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F I C T I O N said they were nothing but trouble. If you had neighbors in your house, something bad had to have happened, she said. They would try to empathize, try to find what was haunting us in our own home, but they couldn’t. They didn’t understand, and I didn’t expect them to. My brother’s lucky because he’s not defined by it. He was too young to really understand, to even really know her. She’s a framed photo on his dresser, a saved note she scrawled to him when pregnant. She’s whatever his imagination wants her to be, really. For my dad and me it’s different. Last month was the first time I didn’t think about her for a whole weekend. I was staying with Maria and her family in her beach house in Maine, and by the time we pulled back into my driveway on Sunday I realized my mother hadn’t entered my thoughts once. I thought I’d feel guilty, but I didn’t—just relieved. My dad’s got it the worst, even though he doesn’t say much to us. I know he keeps their honeymoon scrapbook under his bed and he falls asleep reading old letters they wrote to each other. He keeps quiet because he thinks I wouldn’t understand, even though I do. And it’s because I understand how he loved her that I know I’ll never be able to be as brave as Taylor White was with me.

Taunton High School / Grade 12

The Door

C o r i n n e

P e r r e a u l t

p h o t o g r a p h y 12

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A R T Burlington High School / Grade 11

C a r o l i n e

B r i l l

Chuck Close Style Self Portrait

p a i n t i n g

TMC Spring 2011

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N O N F I C T I O N Oakmont Regional High School / Grade 11

A l y s s a

S a n s o s s i o

Unforgettable Memories The crisp, misty wind feels refreshing on my feverish skin. It gushes in through her window, swallowing me like a tidal wave. Her pin-straight golden hair dances with the salacious rhythm of the air. Her fingers with their chipping black nail polish search the front seat for his. My best friend’s boyfriend sits in the driver’s seat. It’s strange seeing him up there with our lives in his hands, after having lost touch with him for so long. He reaches out to turn the radio on and then takes her hand. The loud, effervescent music surrounds us and tells of teenage dreams. My Love laces his fingers through mine as the small sedan makes its way smoothly around each bend of the woodsy drive. To any other driver our little white Honda would have been nearly invisible, engulfed in the eerie fog. I enjoyed the nostalgic company of our complete group again, after that pointless fight we’d gotten into. Who would have thought he would be such a good driver—one of those people that, for some reason, make his passengers instinctively feel safe. The cold November atmosphere had finally defeated me. I snuggle into my Love’s tattered grey sweatshirt and pull my hands into its sleeves, as the pocket had been torn off. We are on our way to Cumby’s for fruit slushies. As we round another curve, we skate over a pile of wet leaves. That’s when we begin to slide. He tries to correct the wheels, but it’s not enough. The wind grew icy and piercing as time began to slow. I squeeze Love’s hand and watch in terror as a skinny white tree flies past his window. We seemed to slide for hours until a large oak brought us to a destructive and painful halt. The music is gone. The car is silent save for the sound of Love’s groaning. I can’t breathe. My chest feels collapsed—almost as though the car had crashed into me instead. I can feel each beat of my throbbing heart against the bones of my rib cage. My waist feels like it has consumed the seatbelt. The nerves behind the belt palpitate, trying to fight the foreign body that lay against them. My hip feels as though it’s on fire. The skin surrounding my bone sears in the cold air. I wonder if it had dug its way through the flesh. There’s a horrible odor suffocating what little breath I manage to take in—like burning sulfur or pure gas fumes. A fine powder floats on the air choking us, coating everything. In front of me lies my best friend, her motionless body draped over the center console. Her blood is everywhere. The air bags are slowly deflating and every window is shattered but mine. I peeled the seatbelt from my waist and noticed the crimson and plum purple imprint it had left behind. His legs are pinned, and somehow he is hanging over the door up against the chewed bark of the tree. He comes to, reaching for her hand, calling her name in horror. I see his glazed blue eyes trying to see into the car; they contrast intensely against his new crimson interior. I try to comfort him, but he won’t stop moving. Then suddenly he’s gone 14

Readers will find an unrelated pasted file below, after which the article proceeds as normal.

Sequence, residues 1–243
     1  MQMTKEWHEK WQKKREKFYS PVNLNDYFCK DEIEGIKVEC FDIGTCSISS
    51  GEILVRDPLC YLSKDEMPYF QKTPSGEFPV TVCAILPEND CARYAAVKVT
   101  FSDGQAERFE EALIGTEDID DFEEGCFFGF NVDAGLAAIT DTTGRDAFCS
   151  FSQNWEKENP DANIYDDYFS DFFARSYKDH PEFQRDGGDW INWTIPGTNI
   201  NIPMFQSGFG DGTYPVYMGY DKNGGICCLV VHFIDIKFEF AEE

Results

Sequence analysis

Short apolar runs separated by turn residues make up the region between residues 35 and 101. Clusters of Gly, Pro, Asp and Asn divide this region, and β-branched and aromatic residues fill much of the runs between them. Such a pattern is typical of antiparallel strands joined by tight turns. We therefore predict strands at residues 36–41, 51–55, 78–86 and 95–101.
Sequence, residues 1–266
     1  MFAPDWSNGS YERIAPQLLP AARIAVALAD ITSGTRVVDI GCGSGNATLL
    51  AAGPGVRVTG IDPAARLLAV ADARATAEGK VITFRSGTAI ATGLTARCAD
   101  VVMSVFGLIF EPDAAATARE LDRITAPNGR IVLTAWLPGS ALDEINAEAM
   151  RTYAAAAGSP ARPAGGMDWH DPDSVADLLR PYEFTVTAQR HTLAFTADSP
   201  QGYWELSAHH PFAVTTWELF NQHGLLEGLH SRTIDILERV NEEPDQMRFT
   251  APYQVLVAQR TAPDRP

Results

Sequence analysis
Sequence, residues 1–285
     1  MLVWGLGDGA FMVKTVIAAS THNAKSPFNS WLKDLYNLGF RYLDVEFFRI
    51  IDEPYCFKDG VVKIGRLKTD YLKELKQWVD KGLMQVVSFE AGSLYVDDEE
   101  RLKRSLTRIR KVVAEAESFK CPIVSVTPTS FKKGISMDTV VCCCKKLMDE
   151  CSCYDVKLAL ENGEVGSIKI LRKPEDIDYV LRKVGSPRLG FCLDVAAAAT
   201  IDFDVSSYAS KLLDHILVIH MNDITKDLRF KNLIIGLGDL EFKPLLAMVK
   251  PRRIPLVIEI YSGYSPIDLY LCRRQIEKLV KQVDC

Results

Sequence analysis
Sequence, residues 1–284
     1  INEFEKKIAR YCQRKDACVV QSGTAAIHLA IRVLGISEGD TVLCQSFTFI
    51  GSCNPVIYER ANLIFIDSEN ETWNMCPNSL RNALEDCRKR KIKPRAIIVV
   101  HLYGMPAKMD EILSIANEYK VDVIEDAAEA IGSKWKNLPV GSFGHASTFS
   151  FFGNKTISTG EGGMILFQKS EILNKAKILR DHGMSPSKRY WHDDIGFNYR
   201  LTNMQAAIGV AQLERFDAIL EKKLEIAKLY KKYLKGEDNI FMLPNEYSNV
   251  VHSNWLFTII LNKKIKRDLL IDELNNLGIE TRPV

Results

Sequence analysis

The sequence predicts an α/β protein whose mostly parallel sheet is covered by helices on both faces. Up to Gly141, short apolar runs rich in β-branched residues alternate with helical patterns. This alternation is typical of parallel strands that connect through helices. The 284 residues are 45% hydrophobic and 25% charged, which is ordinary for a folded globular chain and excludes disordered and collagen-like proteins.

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A R T again: still and quiet. She’s not moving either. I hear Love pop his shoulder back in. There’s a short, sweet-hearted-looking middle-aged woman with glasses at her window—what’s left of it. She tells us her name is Shirley and that help is on the way. My friend begins to stir, sitting up to look around. Her face appears in the mirror, but I wish I hadn’t looked. Blood runs down her forehead, over her nose, and down her cheeks. Her tooth is pushed to the center of her mouth and her eyes are scanning the car, looking for something, anything that might prove this a dream. She begins to groan too. Soon she is yelling. Shirley begins asking her questions, but she just says, “I don’t know,” over and over again in an eerie half-moaning, half-yelling tone. Does she know who I am, I wonder. She gets quiet and turns slowly to look at me: eyeliner smeared; a glob of blood on her cheek; and fear radiating from her straining eyes. She turns back around and begins whining again. I hear sirens—strange when you know they’re coming for you.